Scientists solve enigma of Antarctic ‘cooling’

By | January 22, 2009

West Antarctic, in red, has warmed far more than the east over the last 50 years

Scientists have solved the enigma of the Antarctic apparently getting cooler, while the rest of the world heats up.

New research shows that while some parts of the frozen continent have been getting slightly colder over the last few decades, the average temperature across the continent has been rising for at least the last 50 years.

In the remote and inaccessible West Antarctic region the new research, based on ground measurements and satellite data, show that the region has warmed rapidly, by 0.17C each decade since 1957. “We had no idea what was happening there,” said Professor Eric Steig, at the University of Washington, Seattle, and who led the research published in Nature.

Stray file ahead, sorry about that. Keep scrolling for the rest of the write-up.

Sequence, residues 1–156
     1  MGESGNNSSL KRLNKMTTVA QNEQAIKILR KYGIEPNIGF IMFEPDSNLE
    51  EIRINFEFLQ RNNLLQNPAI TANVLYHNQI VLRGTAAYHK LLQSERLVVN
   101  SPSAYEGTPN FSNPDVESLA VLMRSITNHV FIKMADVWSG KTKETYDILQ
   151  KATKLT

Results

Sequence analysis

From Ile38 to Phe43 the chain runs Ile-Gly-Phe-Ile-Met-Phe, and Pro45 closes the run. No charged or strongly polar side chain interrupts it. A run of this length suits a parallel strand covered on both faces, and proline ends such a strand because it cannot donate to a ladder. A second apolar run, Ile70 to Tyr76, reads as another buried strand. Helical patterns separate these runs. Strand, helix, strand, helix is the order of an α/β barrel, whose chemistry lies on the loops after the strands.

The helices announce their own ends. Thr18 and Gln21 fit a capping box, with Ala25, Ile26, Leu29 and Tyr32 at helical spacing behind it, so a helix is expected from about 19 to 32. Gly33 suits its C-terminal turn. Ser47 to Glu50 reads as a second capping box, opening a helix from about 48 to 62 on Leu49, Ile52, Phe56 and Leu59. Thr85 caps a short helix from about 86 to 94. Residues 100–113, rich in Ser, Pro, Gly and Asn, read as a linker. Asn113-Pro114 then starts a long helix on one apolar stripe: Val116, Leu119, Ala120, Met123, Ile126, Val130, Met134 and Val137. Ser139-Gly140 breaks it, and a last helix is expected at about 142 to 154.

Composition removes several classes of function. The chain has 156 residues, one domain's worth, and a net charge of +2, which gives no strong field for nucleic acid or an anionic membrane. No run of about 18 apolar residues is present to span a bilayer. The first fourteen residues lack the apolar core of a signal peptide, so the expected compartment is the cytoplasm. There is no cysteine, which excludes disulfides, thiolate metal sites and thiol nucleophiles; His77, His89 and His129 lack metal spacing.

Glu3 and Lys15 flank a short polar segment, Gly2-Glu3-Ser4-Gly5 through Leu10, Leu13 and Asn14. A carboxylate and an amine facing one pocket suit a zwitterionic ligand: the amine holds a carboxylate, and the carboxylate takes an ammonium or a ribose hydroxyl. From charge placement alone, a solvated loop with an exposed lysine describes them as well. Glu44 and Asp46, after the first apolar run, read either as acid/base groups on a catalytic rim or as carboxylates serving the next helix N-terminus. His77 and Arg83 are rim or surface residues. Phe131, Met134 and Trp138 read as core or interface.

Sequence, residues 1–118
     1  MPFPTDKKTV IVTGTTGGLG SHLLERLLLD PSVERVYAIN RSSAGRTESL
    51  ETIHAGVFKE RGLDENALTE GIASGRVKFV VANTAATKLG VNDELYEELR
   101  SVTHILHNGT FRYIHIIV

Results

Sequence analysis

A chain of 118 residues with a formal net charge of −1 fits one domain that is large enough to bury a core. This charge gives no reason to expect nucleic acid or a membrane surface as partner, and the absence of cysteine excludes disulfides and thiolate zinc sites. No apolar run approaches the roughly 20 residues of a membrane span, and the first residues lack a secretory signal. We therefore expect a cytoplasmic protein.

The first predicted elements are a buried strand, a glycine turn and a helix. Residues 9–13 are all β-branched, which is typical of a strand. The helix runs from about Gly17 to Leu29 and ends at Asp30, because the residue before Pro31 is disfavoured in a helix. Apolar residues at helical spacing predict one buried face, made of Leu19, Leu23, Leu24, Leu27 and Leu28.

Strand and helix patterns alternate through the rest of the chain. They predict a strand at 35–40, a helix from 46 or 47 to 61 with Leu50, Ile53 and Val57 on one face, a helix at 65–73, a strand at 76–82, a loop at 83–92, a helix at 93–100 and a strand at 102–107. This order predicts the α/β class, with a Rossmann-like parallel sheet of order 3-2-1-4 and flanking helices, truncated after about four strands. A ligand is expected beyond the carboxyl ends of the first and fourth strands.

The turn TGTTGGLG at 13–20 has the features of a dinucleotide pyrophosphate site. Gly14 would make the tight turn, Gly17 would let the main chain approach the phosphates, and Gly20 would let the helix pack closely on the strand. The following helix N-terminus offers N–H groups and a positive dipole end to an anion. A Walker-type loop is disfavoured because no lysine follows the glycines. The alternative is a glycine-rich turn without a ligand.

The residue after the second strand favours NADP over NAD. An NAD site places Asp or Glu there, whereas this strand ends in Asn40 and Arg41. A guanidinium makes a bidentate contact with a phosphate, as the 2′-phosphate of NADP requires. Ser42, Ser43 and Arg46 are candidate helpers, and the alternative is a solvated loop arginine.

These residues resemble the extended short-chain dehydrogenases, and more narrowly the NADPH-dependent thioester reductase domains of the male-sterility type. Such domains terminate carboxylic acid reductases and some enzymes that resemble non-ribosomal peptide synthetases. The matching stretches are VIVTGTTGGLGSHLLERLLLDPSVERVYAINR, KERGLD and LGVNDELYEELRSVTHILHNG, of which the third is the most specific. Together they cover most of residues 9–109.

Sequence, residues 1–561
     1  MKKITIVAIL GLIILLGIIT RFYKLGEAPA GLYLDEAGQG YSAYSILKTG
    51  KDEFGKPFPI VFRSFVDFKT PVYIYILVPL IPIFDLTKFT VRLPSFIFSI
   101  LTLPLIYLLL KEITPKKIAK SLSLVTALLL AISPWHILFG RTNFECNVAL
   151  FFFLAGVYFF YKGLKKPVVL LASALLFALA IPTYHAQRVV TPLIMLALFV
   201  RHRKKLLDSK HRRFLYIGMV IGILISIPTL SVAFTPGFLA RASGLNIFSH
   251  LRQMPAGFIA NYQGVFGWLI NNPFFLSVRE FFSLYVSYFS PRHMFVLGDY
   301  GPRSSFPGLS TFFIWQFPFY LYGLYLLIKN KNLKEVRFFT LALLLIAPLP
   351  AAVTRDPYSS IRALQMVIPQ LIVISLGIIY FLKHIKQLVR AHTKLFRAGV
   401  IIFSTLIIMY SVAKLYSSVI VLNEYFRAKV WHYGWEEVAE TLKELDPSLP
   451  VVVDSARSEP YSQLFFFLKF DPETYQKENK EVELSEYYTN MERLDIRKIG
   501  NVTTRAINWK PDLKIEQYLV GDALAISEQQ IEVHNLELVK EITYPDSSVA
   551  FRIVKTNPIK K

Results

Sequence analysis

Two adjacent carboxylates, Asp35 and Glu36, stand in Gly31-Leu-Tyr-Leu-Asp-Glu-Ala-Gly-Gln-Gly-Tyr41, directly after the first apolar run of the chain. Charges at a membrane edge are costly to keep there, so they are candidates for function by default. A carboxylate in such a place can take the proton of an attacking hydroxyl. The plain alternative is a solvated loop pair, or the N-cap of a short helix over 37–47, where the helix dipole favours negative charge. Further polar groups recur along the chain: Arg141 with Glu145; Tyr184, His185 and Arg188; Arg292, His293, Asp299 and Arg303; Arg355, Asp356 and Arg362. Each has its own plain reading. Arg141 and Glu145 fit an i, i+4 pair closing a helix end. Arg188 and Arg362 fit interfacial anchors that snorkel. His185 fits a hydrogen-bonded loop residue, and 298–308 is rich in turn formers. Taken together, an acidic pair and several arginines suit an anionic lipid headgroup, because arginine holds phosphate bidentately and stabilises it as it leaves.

This outweighs the cooling seen in East Antarctica, so that, overall, the continent has warmed by 0.12C each decade over the same period. This matches the warming of the southern hemisphere as a whole and removes the apparent contradiction.

The issue, which had been highlighted by global warming sceptics, was an annoyance, said Steig, despite the science having been reasonably well understood. “But it has now been killed off,” he said. …

via Scientists solve enigma of Antarctic ‘cooling’ | Environment | guardian.co.uk.

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